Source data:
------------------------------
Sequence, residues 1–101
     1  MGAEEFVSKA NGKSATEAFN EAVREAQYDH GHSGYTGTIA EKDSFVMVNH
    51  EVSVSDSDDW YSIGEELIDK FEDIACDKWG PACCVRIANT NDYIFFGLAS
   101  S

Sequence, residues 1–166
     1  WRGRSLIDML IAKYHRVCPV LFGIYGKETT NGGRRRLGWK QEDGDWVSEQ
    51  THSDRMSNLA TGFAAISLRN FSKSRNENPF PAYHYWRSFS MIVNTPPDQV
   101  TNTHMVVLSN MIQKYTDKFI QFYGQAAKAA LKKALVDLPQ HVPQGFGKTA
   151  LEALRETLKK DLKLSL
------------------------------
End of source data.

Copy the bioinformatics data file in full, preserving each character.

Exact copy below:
Sequence, residues 1–101
     1  MGAEEFVSKA NGKSATEAFN EAVREAQYDH GHSGYTGTIA EKDSFVMVNH
    51  EVSVSDSDDW YSIGEELIDK FEDIACDKWG PACCVRIANT NDYIFFGLAS
   101  S

Sequence, residues 1–166
     1  WRGRSLIDML IAKYHRVCPV LFGIYGKETT NGGRRRLGWK QEDGDWVSEQ
    51  THSDRMSNLA TGFAAISLRN FSKSRNENPF PAYHYWRSFS MIVNTPPDQV
   101  TNTHMVVLSN MIQKYTDKFI QFYGQAAKAA LKKALVDLPQ HVPQGFGKTA
   151  LEALRETLKK DLKLSL